This story originally appeared on Yahoo Autos in April 2013, and was one of the most popular pieces we ran this year.
Scratch art lives mostly in the toolbox of grade-school art teachers as a way to demonstrate how etching can create images as subtle as drawing or painting. But for self-taught engraver Shawn Lisjack, an old high-school scratch art project became the inspiration for a fully realized piece — this Honda Civic, covered from bumper to bumper in detailed engravings. He calls it the world's first fully hand-engraved car; I call it the Sistine Chapel of bodywork by Dremel.
Like the Sharpie cars, Lisjack's Engraved EG car started as a fairly pedestrian ride, a 1992 Honda Civic VX hatchback. Lisjack told me after picking up engraving in 2007 and playing with various materials, he realized he could recreate a scratch-art surface using painted metals: "I wanted to create something that was truly unique and 'one of a kind' that the world has never seen before."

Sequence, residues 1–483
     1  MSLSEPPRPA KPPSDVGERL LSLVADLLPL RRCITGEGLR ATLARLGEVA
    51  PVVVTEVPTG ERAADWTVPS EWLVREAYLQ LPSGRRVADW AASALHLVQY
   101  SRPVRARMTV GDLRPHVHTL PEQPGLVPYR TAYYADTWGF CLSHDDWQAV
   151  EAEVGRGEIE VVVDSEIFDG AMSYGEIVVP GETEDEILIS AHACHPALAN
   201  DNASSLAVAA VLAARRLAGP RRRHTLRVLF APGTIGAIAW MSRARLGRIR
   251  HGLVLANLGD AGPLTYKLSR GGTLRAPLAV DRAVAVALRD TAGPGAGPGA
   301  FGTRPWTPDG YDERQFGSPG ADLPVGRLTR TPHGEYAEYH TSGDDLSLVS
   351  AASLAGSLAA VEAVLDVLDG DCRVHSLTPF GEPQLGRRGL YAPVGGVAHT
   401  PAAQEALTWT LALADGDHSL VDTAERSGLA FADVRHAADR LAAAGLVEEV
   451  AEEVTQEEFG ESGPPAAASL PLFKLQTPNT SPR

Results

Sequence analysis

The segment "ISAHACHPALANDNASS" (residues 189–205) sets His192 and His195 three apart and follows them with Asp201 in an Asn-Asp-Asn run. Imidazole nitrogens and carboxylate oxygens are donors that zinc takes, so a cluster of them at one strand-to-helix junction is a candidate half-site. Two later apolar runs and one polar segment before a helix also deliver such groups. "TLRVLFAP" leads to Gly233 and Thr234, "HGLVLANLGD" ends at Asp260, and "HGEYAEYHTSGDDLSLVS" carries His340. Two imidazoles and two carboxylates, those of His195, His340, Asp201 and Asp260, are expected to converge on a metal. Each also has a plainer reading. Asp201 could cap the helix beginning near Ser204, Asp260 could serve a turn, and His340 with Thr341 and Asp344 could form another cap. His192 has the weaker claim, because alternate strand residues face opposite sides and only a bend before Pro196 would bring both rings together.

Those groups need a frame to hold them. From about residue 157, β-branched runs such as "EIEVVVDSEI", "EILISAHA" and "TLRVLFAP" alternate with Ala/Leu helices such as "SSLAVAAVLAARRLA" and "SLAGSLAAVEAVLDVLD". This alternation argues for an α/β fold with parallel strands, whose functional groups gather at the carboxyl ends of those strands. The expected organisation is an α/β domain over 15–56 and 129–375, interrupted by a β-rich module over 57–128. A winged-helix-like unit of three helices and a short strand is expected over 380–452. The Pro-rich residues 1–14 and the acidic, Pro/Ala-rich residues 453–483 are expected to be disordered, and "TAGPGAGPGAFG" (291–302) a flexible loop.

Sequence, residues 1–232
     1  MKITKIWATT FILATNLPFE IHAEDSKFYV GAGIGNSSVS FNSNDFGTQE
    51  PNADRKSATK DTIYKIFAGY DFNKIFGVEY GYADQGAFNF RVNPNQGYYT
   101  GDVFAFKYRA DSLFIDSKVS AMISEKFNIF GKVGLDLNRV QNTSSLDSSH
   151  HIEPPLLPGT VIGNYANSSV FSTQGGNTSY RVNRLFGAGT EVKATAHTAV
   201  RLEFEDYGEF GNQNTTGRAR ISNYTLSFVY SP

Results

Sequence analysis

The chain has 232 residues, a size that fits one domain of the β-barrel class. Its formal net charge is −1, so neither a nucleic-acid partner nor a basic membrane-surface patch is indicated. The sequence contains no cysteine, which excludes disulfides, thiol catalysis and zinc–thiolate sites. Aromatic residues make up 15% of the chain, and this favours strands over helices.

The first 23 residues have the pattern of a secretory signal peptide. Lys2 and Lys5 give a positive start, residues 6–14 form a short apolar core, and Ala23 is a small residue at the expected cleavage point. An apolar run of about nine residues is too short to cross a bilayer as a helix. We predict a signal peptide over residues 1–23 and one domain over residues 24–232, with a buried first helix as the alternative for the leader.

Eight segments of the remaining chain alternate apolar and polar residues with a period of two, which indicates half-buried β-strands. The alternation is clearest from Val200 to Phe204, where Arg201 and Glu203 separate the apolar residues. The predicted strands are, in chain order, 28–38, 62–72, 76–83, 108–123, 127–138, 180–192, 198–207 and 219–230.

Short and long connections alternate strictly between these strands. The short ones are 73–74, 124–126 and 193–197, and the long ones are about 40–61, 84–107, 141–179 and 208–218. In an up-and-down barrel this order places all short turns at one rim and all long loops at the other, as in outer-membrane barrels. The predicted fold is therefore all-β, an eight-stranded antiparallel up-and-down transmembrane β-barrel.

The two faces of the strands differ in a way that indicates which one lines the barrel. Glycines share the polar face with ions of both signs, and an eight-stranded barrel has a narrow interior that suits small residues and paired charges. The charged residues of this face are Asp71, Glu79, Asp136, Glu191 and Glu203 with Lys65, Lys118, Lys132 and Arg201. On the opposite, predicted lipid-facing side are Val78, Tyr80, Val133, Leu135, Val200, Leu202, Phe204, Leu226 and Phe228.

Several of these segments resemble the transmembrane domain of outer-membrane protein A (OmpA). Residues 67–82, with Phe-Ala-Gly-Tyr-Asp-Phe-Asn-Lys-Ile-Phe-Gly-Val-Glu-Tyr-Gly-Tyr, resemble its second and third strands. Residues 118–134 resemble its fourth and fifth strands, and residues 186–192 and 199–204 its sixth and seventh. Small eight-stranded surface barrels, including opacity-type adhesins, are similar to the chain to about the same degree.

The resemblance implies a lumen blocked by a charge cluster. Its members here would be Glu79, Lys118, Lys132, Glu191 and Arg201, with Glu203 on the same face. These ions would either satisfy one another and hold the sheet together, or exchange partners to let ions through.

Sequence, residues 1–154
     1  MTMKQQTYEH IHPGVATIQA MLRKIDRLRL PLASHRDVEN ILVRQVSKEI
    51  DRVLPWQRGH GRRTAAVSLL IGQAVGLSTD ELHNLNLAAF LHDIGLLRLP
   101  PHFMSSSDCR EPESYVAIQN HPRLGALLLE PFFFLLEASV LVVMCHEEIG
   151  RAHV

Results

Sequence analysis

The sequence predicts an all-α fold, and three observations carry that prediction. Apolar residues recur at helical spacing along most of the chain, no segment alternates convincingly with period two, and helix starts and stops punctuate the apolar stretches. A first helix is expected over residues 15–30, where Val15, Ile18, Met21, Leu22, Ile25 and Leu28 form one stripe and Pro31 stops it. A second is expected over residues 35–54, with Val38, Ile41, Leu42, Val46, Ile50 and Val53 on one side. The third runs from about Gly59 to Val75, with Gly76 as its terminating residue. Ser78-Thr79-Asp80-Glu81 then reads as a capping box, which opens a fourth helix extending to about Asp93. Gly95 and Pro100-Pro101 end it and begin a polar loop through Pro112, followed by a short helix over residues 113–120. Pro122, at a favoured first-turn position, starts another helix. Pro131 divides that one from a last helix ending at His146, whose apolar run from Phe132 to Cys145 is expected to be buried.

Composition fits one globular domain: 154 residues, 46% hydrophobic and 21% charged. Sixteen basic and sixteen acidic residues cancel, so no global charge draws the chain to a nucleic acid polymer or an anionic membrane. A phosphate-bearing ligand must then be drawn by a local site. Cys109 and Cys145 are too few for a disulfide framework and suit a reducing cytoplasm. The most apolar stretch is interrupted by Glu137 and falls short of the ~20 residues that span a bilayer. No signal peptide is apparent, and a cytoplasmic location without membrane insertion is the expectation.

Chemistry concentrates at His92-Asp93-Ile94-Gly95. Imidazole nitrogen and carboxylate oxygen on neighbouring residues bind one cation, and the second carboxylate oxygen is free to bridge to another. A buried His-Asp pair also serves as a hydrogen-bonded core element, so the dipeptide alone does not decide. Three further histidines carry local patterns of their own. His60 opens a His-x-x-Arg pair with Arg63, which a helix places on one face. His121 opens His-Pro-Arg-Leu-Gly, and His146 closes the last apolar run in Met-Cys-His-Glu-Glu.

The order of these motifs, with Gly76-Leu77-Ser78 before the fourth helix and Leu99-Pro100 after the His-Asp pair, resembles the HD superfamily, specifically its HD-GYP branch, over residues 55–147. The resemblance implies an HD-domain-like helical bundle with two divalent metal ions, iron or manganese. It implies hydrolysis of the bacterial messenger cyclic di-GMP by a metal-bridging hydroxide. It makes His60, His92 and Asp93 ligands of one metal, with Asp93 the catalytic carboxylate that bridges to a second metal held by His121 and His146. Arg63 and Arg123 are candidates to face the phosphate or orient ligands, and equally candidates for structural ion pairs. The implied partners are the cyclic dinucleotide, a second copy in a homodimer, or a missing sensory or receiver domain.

More than three years ago, the Honda was upgraded with a few custom carbon-fiber parts, then painted with a white primer and a black top coat. Using a Dremel with a diamond-bit drill, Lisjack then set out to hand engrave the entirety of the body, integrating Japanese-themed designs, company logos and freestyle layouts to fill in between.
Lisjack estimates he's spent 5,000 hours slowly removing layers of paint, and the amount of detail on pieces like the dragon-themed Seibon hood that took 600 hours alone back that up. (Click the photo to see what I mean). It's not just the surface; Lisjack has engraved the valve covers, strut towers and other pieces of the Honda that can withstand a bit of drilling. The car isn't complete; Lisjack says there's still engraving to be done. "I will be adding color within the hand engravings to make the engravings pop. After that, the car will be clear coated to help preserve the engravings and finally a clear bra protection film will be added to protect the car from getting rock chips and other damage."
The total amount of time Lisjack estimates he will have spent when he's finished: 6,000 hours. "I like to push myself with each and every hand engraving I complete," he says, and it's hard to see how Lisjack will ever top this.